Likewise if we know the photons rest mass energy component and its velocity, we can take the inverse cosine of the unit vector (v3dspace/c), get the angle, divide its orthogonal (rest mass) energy by the sin of the angle and get its relativistic energy:

${\displaystyle v={\sqrt {0.96}}c}$
${\displaystyle e_{\text{orthogonal}}=510998.910{\text{ eV}}}$

${\displaystyle \theta =\arccos {\sqrt {0.96}}=11.5369590\,}$

${\displaystyle E_{\text{total}}={\frac {510998.910}{\sin {\theta }}}=2554994.55{\text{ eV}}}$

Go ahead and check this result against the standard relativistic energy equation.... you'll see that the results are the same.

Energy is a vector in space with 6 dimensions, rather than a scalar quantity (I prefer to define it this way as the direction of expression is a property of the particle and effects all of its interactions- perhaps I am semantically challenged but...).

Eventually we will talk about how fermions can be reflected using photons, reversing their charge while the photon reflector’s momentum is redirected orthogonal to 3dspace (the photons no longer have presence in 3dspace, although their momentum in 3dspace may be transferred to the fermion, as the fermions orthogonal momentum is transferred to the photons which become dark photons (photons with velocity component only in orthogonal space)).

## A couple more demonstrations

If we have the velocity of an object in 3dspace, how do we calculate the angle of the photon from the 3dspace axis?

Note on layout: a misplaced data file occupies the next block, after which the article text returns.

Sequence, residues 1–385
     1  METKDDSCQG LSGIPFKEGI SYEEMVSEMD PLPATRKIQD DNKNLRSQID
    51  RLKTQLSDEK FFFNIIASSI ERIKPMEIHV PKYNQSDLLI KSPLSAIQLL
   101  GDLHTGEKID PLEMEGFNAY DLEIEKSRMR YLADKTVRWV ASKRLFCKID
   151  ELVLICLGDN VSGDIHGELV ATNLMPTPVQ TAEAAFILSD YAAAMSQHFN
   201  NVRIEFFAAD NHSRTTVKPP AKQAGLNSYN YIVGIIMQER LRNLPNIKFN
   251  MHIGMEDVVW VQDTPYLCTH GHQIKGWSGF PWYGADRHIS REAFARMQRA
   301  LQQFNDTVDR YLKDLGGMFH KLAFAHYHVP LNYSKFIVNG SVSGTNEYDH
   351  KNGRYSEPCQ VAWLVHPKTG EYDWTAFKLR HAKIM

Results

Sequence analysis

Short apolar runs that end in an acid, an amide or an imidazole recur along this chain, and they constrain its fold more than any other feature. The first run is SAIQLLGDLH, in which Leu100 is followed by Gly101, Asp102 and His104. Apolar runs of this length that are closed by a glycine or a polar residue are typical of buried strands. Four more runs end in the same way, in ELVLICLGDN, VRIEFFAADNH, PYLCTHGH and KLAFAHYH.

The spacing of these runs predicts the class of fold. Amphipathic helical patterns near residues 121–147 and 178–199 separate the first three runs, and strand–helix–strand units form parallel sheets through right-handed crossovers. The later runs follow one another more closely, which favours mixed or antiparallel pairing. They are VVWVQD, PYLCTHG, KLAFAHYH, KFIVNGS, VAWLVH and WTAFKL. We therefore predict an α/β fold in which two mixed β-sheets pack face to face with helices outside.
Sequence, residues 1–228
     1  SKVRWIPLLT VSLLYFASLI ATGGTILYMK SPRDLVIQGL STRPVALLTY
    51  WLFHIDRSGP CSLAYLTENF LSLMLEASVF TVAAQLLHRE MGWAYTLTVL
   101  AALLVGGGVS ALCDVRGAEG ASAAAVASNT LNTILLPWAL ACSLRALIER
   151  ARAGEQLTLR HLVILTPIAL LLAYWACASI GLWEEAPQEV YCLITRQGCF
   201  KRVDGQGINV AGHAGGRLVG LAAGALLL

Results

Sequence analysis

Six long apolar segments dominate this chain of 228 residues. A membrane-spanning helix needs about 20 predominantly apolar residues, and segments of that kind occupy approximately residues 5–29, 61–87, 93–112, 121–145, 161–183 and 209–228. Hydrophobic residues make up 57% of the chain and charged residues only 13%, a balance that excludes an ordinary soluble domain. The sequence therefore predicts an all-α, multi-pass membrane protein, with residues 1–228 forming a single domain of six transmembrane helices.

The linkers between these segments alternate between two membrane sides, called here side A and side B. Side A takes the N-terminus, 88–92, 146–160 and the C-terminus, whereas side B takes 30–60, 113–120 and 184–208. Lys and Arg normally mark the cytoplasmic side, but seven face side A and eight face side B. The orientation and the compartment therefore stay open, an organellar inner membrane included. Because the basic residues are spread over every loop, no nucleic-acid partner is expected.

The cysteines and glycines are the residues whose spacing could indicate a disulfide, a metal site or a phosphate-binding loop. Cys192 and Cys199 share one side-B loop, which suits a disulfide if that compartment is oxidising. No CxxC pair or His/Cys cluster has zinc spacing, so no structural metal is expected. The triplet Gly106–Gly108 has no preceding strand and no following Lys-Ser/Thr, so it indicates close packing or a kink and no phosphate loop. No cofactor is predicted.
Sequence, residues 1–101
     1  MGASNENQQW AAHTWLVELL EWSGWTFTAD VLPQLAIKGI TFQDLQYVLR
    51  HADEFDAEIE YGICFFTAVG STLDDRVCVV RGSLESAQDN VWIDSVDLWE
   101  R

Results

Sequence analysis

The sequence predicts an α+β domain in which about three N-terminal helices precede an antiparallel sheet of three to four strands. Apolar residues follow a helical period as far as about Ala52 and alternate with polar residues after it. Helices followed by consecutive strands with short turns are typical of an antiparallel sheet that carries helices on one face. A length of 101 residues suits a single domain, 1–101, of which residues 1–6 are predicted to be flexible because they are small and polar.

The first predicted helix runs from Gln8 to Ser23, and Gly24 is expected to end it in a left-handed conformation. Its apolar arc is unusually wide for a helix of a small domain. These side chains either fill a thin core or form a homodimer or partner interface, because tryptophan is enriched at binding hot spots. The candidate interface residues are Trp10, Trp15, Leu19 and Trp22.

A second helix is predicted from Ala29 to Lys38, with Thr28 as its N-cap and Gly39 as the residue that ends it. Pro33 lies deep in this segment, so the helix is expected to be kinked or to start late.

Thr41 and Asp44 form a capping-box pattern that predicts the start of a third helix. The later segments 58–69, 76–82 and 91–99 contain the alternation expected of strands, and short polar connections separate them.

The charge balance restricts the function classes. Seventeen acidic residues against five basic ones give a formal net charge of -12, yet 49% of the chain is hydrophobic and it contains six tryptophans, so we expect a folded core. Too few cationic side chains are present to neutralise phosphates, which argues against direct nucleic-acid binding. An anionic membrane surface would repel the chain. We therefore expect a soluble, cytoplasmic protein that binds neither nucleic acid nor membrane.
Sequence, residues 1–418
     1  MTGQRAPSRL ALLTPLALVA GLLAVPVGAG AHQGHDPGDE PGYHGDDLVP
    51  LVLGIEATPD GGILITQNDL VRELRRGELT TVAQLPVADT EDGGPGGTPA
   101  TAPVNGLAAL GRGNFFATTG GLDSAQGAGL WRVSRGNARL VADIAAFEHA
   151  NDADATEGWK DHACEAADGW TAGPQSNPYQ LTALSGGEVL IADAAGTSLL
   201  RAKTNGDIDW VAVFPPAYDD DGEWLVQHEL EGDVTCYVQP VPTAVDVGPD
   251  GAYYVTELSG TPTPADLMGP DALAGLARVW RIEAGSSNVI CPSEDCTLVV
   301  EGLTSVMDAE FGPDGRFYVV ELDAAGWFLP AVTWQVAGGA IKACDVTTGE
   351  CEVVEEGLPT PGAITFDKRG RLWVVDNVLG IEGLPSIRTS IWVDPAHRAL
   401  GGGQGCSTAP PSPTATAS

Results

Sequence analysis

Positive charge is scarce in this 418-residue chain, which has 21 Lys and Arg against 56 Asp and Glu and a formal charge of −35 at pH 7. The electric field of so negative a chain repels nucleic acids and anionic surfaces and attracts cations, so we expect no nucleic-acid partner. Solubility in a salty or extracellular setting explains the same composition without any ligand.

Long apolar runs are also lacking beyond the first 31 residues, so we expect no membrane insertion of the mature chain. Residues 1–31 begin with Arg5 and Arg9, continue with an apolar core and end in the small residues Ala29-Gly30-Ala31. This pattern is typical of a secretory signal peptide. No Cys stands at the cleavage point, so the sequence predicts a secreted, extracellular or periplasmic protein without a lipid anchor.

The velocity component of the photon along the 3dspace axis can be used to calculate the photons angle (θ) from the 3dspace axis.

${\displaystyle v_{\text{3d space}}=\cos \theta \times c}$
${\displaystyle \cos \theta ={\frac {v_{\text{3d space}}}{c}}}$
${\displaystyle \theta =\arccos {\frac {v_{\text{3d space}}}{c}}}$

If we have the orthogonal (rest mass) energy and total (relativistic) energy of a particle, how do we calculate the velocity of the photon along the 3dspace axis?

First, we need to realize that the orthogonal (rest mass) component of a photon’s energy is:

${\displaystyle e_{\text{orthogonal}}=\sin \theta \times E_{\text{total (relativistic)}}}$

From this we can deduce the angle of the photons travel relating it to the 3dspace axis:

${\displaystyle \sin \theta ={\frac {e_{\text{orthogonal (rest mass)}}}{E_{\text{total (relativistic)}}}}}$
${\displaystyle \theta =\arcsin {\frac {e_{\text{orthogonal}}}{E_{\text{total}}}}}$
${\displaystyle v_{3dspace}=\cos \theta \times c}$

How do we find the de Broglie wavelength (3dspace component of a photon’s wavelength) with only the photon’s total energy (relativistic) and angle of travel from the 3dspace axis?

${\displaystyle \lambda _{\text{total}}={\frac {hc}{E_{\text{total (relativistic)}}}}}$
${\displaystyle \lambda _{\text{3d space(deBroglie)}}={\frac {\lambda _{\text{total}}}{\cos \theta }}}$